"[....] So here I am, in the middle way, having had twenty years [...]
Trying to use words, and every attempt
Is a wholly new start, and a different kind of failure
Because one has only learnt to get the better of words
For the thing one no longer has to say, or the way in which
One is no longer disposed to say it. And so each venture
Is a new beginning, a raid on the inarticulate
With shabby equipment always deteriorating
In the general mess of imprecision of feeling,
Undisciplined squads of emotion. [....]

Home is where one starts from. As we grow older
The world becomes stranger, the pattern more complicated
Of dead and living. Not the intense moment
Isolated, with no before and after,
But a lifetime burning in every moment."
Eliot, T. S. "Four Quartets." The complete poems and plays. London: Faber, 1969. 182.

Monday, November 7, 2011

RA in a Day 2011: Keynote: "RA as a Transformative Act"

The keynote address at this year's RA in a Day event was given by the amazing Duncan Smith, creator and founder of NoveList. Here are my notes; his presentation is available here.

Duncan opened by reading a quote and asking us where we thought it was from:

"We will help you find the perfect collection of books for reflection resolution or relaxation."

Sounds like it could be from a library? It's actually from the website of an English bibliotherapist. Duncan first heard about her in an article in En Route magazine (“Geek Odysseys - Book Loving in London: Volume 2 Bibliotherapy”). The bibliotherapist profiled, Ella Berthoud, spoke about the importance of novels at life-changing moments, and how the reading of these novels allows us to come back to world refreshed.

Duncan then asked, what is the nature of readers' advisory work? He proposed the following four core ideas:
  1. To help readers understand what they like
  2. To assist readers in finding more of what they like
  3. To deepen readers’ appreciation of their reading
    (Smith told a story about Jane Goodall explaining in an interview how her interest in animals was sparked by reading about Dr. Doolittle and Tarzan. He also mentioned an interview with Mia Bauer, the founder of Crumbs Bake Shop, who spoke of being inspired to open her own business by Edith Wharton's Age of Innocence: “she didn't want to live a life of regret like Wharton’s characters.”)
  4. To support readers in sharing their reading with others (sharing comments via catalogue)
The true product of readers' advisory service is thus not circulation, or the number of interactions we have with the public, or the number of book groups our library hosts, but relationships:
  • between books
  • between readers and books
  • between readers (creating a culture and climate of sharing that deepens understanding)
  • between readers and books and us!
So where are the readers?
One essential thing that Smith identified that we need for effective readers' advisory services is the readers themselves. Those who use the library just for fun are approximately7% of all users, but account for 24% of all visits to the library. What is missing from their profile is interaction with staff. Stats from major Canadian public libraries show that the majority of people who come in to the library are not interacting with staff. Also, stats show increased placement of holds online, which means readers may not visit in person as much anymore. In the US, we see that typically 87% of holds are placed remotely. “People are searching for things they already know about, not coming in to find out more about other things;” they see the library as “a utilitarian service.”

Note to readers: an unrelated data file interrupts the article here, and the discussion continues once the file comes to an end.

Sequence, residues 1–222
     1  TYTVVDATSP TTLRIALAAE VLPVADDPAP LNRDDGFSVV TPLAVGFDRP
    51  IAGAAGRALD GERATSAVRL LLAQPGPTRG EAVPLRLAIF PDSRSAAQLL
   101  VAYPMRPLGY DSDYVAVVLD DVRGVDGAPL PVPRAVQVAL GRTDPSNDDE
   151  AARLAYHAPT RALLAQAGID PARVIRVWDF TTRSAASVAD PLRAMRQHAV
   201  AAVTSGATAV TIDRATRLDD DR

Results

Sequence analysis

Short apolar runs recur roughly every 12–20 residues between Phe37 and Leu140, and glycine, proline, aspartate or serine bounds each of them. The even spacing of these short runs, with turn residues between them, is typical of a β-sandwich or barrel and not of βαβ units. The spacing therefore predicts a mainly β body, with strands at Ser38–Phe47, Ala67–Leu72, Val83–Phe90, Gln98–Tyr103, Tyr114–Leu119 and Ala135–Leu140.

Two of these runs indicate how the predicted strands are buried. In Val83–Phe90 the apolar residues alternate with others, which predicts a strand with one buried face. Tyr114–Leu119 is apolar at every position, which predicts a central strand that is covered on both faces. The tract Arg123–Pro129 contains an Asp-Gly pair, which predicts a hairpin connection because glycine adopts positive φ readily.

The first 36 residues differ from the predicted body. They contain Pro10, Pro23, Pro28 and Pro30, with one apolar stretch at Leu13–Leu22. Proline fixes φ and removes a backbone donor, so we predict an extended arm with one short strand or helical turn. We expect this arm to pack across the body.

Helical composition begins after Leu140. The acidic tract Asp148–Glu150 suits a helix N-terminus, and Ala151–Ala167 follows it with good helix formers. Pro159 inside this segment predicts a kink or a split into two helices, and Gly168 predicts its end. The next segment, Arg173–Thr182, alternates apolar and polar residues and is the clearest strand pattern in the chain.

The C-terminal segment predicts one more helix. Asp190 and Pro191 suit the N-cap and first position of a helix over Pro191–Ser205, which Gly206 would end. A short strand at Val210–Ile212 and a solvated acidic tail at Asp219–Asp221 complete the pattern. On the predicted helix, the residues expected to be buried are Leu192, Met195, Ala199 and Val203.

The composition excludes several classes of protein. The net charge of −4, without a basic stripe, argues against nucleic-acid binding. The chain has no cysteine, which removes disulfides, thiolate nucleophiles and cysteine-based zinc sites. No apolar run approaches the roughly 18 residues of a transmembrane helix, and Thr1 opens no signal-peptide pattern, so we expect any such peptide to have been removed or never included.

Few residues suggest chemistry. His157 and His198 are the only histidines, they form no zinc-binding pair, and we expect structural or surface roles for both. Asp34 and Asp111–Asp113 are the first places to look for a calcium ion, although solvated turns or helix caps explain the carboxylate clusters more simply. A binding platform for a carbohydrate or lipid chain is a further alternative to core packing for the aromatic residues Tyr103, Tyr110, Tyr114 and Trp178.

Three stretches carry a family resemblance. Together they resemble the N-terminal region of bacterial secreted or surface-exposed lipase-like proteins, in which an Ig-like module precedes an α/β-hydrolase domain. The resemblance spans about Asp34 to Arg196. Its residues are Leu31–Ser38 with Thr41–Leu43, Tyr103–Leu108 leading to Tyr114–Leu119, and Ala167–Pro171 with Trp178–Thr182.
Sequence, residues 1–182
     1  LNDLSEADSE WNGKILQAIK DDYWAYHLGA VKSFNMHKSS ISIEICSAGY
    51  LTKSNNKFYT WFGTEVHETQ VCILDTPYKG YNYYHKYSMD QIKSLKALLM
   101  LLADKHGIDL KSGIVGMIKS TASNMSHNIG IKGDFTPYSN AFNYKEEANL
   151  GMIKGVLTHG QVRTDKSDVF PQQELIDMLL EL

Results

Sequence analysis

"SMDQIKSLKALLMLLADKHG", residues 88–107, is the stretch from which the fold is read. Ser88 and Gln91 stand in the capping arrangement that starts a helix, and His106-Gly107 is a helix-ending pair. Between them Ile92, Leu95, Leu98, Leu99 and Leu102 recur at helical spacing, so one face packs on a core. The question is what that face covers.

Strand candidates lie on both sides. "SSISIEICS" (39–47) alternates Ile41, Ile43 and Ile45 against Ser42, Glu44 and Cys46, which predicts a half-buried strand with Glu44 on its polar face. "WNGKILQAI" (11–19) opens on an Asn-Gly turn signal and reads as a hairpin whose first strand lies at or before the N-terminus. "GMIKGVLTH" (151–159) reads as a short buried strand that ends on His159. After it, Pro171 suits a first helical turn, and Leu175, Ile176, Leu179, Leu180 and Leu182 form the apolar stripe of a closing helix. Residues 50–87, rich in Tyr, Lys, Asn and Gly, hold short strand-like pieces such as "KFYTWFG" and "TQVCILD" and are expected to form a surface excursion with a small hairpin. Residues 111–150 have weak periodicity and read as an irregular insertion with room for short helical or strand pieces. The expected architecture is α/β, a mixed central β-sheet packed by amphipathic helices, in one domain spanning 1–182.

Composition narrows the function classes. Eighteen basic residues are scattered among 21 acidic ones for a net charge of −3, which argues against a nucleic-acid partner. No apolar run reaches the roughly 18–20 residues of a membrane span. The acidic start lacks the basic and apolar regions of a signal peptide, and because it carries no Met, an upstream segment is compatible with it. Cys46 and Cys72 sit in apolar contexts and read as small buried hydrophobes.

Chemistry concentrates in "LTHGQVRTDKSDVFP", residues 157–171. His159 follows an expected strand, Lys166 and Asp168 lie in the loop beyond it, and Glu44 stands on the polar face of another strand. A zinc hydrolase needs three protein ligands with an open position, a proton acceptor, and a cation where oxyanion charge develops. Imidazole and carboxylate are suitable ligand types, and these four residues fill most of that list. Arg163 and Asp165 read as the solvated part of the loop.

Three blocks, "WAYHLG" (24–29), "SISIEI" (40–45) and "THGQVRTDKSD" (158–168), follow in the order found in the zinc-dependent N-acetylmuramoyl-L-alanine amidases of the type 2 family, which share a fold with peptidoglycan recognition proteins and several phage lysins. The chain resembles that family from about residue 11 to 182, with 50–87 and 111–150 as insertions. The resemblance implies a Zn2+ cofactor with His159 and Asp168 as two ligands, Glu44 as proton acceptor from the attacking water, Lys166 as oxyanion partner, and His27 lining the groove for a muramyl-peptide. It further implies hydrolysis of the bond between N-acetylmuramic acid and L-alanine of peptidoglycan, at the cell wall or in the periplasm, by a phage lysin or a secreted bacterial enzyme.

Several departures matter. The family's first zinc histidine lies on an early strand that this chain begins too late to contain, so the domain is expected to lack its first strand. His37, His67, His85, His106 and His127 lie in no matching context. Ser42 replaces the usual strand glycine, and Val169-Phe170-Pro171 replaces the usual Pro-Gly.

Being connected

This use of the library as a utilitarian service speaks to a lack of connection to the library, and specifically to the skilled staff. Smith pointed out that above and beyond implications for readers’ advisory service, this lack of connection can also affect library funding, because “people who are not connected don't vote for increased funding.” Staff need to focus on not just saying "Sorry, we don't have that," but on starting a conversation with readers. Smith posed the question of how we are behaving in interactions with readers: “are we being reactive, invitational, suggestive, enlightening (teaching how to use Novelist), anticipatory, contributatory, participatory?”

Building relationships

We might think the world is now dominated by technology, but it's actually dominated by relationships and “social capital,” just in different places. Some modern places to build social capital include: in the library catalogue, on the library website, in the blogosphere, on social sites (GoodReads, Facebook, etc). With respect to social websites, Smith encouraged us to engage in outreach to them: ‘places like Good Reads are full of library lovers. We should be connecting with them!”

What is our value? According to Smith, there are three ways readers' advisory experts add value:
  1. Our professional stance: we talk about the promise or potential of books for all readers, not from a personal perspective (eg. “This book is great if you love 18th century mysteries because...” not “I loved this book because....”)
  2. Our focus on the reader
  3. Our “reflective practice:” our use of well-researched and thoughtful criteria to categorise reading (the appeal factors).